Most Maumelle residents will remember 2012’s White Christmas storm as one of the largest and most troublesome snow storms in the history of Maumelle, if not the whole state.
Maumelle Fire Chief George Glenn said his fire and emergency staff was probably taxed more with answering 45 calls on Dec. 25, 26 and 27.
He said the freezing rain started things off on Christmas Day sticking to trees and everything else in town only to be followed by 8 to 10 inches of heavy snow.
All of the precipitation came with temperatures having recently dropped to ideal conditions for the rain and snow to accumulate on everything.
Some residents said twice as much rain and snow appeared to stick to trees, bushes and everything that wasn’t moving creating a dangerous situation.
The biggest problem the fire department had to deal with first was the trees down blocking several streets around town.
Glenn said fire staff started clearing the roadways with at least room for a fire engine to get by with the help of public works employees and Maumelle residents who just wanted to help.
Glenn thanked those residents for their assistance because not only fire but police and ambulances needed to be able to make it through city streets to assist residents in need.
Metropolitan Emergency Medical Services ambulances were able to get through but their response times were greatly impacted by the snow which hampered their arrival. Consequently, Maumelle Fire and Rescue stayed on the scene much longer than normal, Glenn said.
A lot of those 45 calls were false alarms set off by power failures, Glenn said. It also included a few auto accidents and a few chimney fires. He said many residents used fireplaces for the first time in years without having done the maintenance required to clean out the chimneys of the buildup of combustible materials.
Fortunately firefighters were still able to get to the homes soon enough to prevent any major damage.
Automobiles left abandoned in the roadways also created problems and other issues as alarms went off on those and many other vehicles parked in driveways from the buildup of ice and snow.
“Flu fires, auto alarms and no service home security alarms” were the majority of the calls they answered, Glenn said.
But they also answered calls about gas leaks and even a call on Saturday, Dec. 29 with a ten-year-old stuck in waist deep water because his feet were stuck in the mud about 100 yards off of Lake Valley Drive.
Glenn said the boy’s parents had tried unsuccessfully to remove the stuck youngster and Fire and Rescue team members were able to free him by cutting the left boot off his foot.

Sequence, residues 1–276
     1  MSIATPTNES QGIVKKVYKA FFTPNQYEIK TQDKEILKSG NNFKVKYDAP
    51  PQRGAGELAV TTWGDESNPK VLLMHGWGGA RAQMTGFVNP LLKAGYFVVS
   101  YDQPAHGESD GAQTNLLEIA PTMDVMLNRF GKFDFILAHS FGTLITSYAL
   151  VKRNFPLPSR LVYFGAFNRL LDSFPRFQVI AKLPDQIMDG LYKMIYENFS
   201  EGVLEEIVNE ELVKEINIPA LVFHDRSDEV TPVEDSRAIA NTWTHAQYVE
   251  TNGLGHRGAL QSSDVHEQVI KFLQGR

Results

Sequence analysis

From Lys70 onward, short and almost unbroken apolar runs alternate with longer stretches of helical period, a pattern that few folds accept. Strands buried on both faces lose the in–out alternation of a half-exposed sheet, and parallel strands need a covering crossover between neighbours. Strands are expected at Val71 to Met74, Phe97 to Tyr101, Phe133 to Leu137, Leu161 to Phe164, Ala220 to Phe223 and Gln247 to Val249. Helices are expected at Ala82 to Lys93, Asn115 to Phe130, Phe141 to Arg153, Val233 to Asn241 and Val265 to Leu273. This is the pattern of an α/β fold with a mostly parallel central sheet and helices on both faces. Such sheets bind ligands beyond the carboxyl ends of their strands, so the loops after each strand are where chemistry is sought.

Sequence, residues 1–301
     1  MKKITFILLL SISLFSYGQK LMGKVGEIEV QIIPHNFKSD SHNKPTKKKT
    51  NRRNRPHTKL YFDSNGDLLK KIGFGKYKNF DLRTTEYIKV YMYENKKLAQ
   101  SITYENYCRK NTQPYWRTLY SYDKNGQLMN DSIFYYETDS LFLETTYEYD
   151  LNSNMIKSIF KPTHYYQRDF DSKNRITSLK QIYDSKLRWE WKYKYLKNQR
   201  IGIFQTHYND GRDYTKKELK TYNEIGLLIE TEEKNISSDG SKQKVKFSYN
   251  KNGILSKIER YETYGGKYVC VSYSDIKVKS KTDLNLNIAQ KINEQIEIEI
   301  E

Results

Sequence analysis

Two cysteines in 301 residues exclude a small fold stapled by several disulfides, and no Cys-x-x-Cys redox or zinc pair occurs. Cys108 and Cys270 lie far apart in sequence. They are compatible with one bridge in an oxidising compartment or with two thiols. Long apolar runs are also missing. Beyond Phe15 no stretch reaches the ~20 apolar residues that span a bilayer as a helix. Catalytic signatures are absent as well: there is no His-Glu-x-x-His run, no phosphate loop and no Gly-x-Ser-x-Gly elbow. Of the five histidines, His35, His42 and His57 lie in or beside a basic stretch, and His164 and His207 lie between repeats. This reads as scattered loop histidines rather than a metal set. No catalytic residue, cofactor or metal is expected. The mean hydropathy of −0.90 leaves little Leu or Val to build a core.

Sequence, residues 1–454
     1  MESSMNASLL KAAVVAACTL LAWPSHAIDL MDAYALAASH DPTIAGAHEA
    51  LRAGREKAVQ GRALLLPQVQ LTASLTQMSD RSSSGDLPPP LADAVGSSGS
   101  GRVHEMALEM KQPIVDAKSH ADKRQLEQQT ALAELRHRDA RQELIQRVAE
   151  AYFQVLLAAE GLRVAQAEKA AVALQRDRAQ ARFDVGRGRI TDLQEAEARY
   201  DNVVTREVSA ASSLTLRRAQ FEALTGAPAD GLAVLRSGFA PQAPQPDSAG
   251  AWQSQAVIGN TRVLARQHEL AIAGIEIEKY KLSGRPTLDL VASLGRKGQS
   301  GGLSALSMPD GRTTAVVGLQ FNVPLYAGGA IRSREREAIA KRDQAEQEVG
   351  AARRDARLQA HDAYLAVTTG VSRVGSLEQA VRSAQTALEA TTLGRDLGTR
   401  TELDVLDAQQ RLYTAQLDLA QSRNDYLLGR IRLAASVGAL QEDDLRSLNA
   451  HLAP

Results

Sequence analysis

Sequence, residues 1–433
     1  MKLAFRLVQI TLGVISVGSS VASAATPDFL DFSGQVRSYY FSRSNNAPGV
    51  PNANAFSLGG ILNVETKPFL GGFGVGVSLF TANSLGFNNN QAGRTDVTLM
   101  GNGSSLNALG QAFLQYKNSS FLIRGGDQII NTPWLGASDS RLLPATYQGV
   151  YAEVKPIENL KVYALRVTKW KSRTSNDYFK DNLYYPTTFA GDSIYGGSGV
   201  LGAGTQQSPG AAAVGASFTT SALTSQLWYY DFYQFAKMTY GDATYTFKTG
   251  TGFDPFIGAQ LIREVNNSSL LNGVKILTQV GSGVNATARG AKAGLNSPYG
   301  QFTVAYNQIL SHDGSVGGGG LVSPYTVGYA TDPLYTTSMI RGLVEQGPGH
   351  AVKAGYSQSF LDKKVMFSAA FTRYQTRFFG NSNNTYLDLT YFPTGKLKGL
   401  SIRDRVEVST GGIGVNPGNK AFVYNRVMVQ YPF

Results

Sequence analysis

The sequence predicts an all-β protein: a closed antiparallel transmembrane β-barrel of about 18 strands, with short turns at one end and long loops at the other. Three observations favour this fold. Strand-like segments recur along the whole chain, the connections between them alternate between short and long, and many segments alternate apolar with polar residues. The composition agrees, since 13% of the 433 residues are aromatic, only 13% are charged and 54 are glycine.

MEMS was called to check on the youngster and he was not transported by MEMS but his parents took him by private vehicle to be checked out.
While concern for the youngster possibly drowning was one issue, the biggest concern was fear of hypothermia. Glenn said in such damp, cold and wet conditions over an extended period, hypothermia was a real concern and should be for all residents who might be exposed to the elements for a long period of time.
The amount of snowfall varied across town and there were higher snowdrifts but the estimated snowfall was 8 to ten inches, Glenn said.
Fire Department volunteers were called in and paid staff that was off-duty was also called back in on Christmas Day and on the 26, Glenn said.
Maumelle Police Chief Sam Williams said they also called in all officers and many slept when they could at the police station to be close to work as needed. He said he had nothing but praise for the entire police force who not only answered a multitude of calls but who helped free the roadways of the trees and limbs that had fallen blocking them.
Both departments said they were inundated by calls of relatives checking on elderly parents who were concerned when they couldn’t reach their parent via telephone.
In most cases when the power failed, so did the telephone service. But in one instance, two Maumelle elderly residents couldn’t hear their phone ringing because they were so engrossed in a TV movie with the volume turned up so loud it drowned out the ringing of the telephone, Williams said.
Glenn said Maumelle residents may not realize it but their power outages were much shorter than many Little Rock residents who still are without power a week later. The underground power lines in Maumelle prevented a lot of problems but the transmission lines supplying them power is exposed and they did succumb to the buildup of ice and snow.
Entergy crews would get power back on for those transmission lines and then turn back on neighborhoods as they could.
Glenn said the now was unusually heavy and seemed to stick to everything.
Williams said he was proud of the group effort of police officers to not only do their jobs but to do so with compassion for Maumelle residents who were suffering from no electricity and poor driving conditions.
But as usual, he said many of the problems were caused by people who just had to get out and try the roadways without a legitimate reason to do so.
His staff did a terrific job, Williams said and one of their biggest jobs was just checking on the welfare of senior citizens who were without power. And his officers did everything in tough working conditions, he said.
Not only police officers but the entire Maumelle work force stood up and answered the call and put in not just extra hours but extra efforts to assist the city’s residents and won the admiration of not only Chiefs Williams and Glenn but from Mayor Mike Watson who applauded their dedicated sacrificial service.
Everyone involved agreed it was a Christmas snow storm they won’t soon forget.